Noel - It never sunsetted. The law has been in effect from the day it was first passed - there have been no gaps. You'll have to check the PRA language, but I suspect the law is permanent and the lapses in authorization are only with respect to the authorization for appropriations. Checked the link you provided and I can see that the PRA is listed, but this was just the latest in a series of reauthorizations, so with respect to the PRA, the Contract didn't really do anything. Congress simply took credit under the Contract for something it was going to have to do anyway.
From a technical perspective, social media tools, and web 2.0 technologies generally rely upon the use of persistent cookies. This memo says nothing about the reversal of the policy that (essentially) forbid the use of persistent cookies.
This memo, it seems, was meant to clarify, not change policy.
I certainly hope that (cookie) memo does more to enable web 2.0 technologies than the one released yesterday. Anything short of a blanket authorization to use persistent cookies would be a disappointment.
I think this is workable for a majority of social networking uses. I believe that OMB is correct in still insisting on have surveys cleared through PRA especially if it will shape policy. There may be an issue with wikis on considering "identical questions" as a survey controlled by PRA because it may be very easy to construe a set of wiki page tiles as identical questions.
Documents like these drive me nuts! While no doubt well intentioned it is totally incomprehensible and will do little to speed the adoption of social media because the people wishing to use the tools will have to get the advise of agency legal counsel to interpret the memo. Now I understand that documents such as these are effectively legal documents so all the jargon might be necessary, but there is no reason/excuse not to have plain English examples that go along with each item. So rather than simply whine let's look at a specific example...take the paragraph:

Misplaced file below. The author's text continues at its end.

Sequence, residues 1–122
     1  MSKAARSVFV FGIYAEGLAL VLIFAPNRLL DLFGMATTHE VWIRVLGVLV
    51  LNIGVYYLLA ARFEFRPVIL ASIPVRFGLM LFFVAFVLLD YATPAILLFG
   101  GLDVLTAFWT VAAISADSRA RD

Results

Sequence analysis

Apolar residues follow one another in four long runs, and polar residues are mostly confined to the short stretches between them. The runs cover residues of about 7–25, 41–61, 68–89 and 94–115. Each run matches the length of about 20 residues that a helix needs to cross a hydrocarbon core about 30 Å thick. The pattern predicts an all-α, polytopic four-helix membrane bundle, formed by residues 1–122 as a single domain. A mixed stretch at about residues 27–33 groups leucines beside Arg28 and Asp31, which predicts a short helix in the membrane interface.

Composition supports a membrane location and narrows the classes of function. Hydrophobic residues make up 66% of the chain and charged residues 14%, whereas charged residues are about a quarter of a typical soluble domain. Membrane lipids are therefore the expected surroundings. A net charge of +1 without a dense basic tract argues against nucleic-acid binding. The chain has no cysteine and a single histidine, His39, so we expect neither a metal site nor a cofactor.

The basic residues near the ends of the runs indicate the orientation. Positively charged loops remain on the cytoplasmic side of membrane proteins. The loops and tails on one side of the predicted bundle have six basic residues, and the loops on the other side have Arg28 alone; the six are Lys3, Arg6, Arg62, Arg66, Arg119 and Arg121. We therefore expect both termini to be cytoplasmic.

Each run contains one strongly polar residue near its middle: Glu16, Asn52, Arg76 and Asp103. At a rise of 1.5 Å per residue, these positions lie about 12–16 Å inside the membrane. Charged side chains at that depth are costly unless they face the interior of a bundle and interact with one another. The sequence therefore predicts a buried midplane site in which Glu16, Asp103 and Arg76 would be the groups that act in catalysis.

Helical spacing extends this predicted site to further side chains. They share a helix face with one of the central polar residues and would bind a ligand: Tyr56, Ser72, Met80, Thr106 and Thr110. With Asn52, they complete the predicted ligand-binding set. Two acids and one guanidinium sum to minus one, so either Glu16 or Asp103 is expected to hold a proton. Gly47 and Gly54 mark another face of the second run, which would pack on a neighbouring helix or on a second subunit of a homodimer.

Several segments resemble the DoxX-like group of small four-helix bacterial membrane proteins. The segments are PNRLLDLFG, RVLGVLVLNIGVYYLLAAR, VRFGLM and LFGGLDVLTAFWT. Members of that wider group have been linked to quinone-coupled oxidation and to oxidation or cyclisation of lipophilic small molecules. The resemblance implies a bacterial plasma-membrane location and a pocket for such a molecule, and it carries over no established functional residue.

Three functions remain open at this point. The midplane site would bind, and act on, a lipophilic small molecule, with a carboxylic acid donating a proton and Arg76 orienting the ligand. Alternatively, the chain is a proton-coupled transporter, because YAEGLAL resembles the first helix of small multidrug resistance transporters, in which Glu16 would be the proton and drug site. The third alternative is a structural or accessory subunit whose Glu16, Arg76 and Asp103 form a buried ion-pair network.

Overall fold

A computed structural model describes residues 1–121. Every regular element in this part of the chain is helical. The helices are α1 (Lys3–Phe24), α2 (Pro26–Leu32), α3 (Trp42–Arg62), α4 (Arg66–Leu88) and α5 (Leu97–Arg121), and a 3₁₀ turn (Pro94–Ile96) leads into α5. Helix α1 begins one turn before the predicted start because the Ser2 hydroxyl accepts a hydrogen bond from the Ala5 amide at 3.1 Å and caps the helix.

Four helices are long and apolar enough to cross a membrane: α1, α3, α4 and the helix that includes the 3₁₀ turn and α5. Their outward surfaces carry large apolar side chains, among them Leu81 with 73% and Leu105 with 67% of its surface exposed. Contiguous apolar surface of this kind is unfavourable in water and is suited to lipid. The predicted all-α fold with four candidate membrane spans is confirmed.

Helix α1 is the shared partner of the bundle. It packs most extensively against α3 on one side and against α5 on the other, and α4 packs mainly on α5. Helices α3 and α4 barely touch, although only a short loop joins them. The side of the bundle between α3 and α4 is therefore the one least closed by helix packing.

* Items collected to allow users to customize or influence the appearance of an agency website.
When agencies permit website users to customize or influence the appearance of an agency website, the items collected to permit this customization are generally not subject to the PRA. This catagory includes faceted navigation, which permits website users to filter website content. For example, a websiste might offer a user the option of selecting from a list of topics as a means of customizing the presentation of information; responses to such offers are not "information" under the PRA. Similarly, an agency may link and/or store faceted navigation preferences (e.g. in a user profile) without triggering the PRA. However, information that is collected beyond what is necessary to navigate or customize a website is subject to the PRA. (In these and all other areas, agencies shall comply with all applicable laws, regulations, and policies that pertain to privacy.)
wheeewwwww (I had to type this in by hand)...what's the deal with embedding this doc via the slideshare nonsense..how about a good ole' fashioned link to a PDF??
As an example to clarify the above legalese the memo should give clear examples such as:
If you want to allow users to customize the way they navigate your website, and you want to store their preferences, that's fine, just don't collect information not needed for the navigation preferences. In addition if you want to allow users to customize the look of your website via skins or other types of preferences that's fine also.
Each of the items listed should be followed by plain English descriptions of the type of social media item being described. Not that difficult.